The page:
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The Hornet

Serving the Fullerton Community Since 1922

The Hornet

Jack The Giant Slayer Falls Short Of Promise

Originally written for publishing on March 3, 2013.

Hitting theaters March 1, “Jack the Giant Slayer” is a highly anticipated film that fails in delivering the performance and storyline that many viewers were hoping for.

The film had over $200 million invested into the production and marketing, and has so far only made $28 million in its first week of release. The film looks to continue to fall downward in the future weeks during its time on the big screen.

The storyline of the movie is reminiscent of the tale “Jack and the Beanstalk,” keeping the concept of a boy named Jack who obtains magical beans, climbs the beanstalk, entering into the second world of giants. Unfortunately all the added details that the children’s story does not set up add nothing interesting to the movie.

Jack loses his parents to the plague and lives with his uncle on a farm and visits a kingdom to sell a horse. During that trip, he trades the horse for the magic beans and happens to run into the kingdom’s angst princess and falls in love with her. The beanstalk is grown and she is somehow caught inside the stalk and is trapped on the giants’ land. The rest is Jack’s quest to rescue her.

Out of the hundreds of giants in the film, Jack technically “slays” only two giants, leaving trailers to be misleading when depicting the film to be thrilling and action-packed. Some scenes seemed to be irrelevant to the storyline, and those issues seemed never to be resolved, which probably hurt the film the most. Storyline aside, “Jack the Giant Slayer” was somewhat visually stimulating during small scenes.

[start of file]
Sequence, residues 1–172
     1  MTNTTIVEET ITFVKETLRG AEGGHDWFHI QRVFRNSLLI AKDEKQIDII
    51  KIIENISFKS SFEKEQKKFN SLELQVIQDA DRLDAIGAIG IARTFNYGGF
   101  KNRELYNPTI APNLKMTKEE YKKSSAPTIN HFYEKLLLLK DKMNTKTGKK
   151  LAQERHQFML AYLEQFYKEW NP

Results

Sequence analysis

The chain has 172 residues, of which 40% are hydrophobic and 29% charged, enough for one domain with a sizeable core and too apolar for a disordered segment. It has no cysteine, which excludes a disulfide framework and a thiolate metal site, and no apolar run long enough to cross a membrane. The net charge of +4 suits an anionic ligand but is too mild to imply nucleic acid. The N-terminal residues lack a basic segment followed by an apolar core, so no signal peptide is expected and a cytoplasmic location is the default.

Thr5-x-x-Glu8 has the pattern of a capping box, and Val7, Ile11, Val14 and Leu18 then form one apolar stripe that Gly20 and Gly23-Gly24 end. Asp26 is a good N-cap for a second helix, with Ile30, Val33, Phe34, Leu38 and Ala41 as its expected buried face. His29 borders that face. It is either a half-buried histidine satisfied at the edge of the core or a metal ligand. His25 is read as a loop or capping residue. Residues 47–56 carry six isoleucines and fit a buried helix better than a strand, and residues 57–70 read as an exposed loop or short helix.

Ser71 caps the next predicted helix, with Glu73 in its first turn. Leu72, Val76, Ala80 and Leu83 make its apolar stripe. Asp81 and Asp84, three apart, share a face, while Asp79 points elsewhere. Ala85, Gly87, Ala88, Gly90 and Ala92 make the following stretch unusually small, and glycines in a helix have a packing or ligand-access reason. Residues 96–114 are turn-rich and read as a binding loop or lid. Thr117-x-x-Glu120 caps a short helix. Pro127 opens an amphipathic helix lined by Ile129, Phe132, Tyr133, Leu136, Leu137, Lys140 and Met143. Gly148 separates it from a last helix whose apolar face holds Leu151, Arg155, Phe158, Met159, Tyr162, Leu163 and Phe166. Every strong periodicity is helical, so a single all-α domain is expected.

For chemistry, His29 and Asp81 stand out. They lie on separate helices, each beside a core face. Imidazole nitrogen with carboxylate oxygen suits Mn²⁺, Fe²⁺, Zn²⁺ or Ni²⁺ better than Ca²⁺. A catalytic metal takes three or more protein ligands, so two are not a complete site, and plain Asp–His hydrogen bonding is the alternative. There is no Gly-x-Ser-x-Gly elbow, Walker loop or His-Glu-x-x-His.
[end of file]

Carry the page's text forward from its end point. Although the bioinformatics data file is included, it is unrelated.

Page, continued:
Offered in 2D, 3D and IMAX theaters, the film was designed to excite the audience through scenes with flying objects, fire and close ups on the animated giants. Although these scenes were effective in 3D, it is recommended to save your money and lower you expectations on the visual effects.

Altogether, “Jack the Giant Slayer” presents itself as more of a children’s film. It is gentle hearted with child-like humor and easy to understand dialogue to accompany the typical boy-gets-girl plotting.

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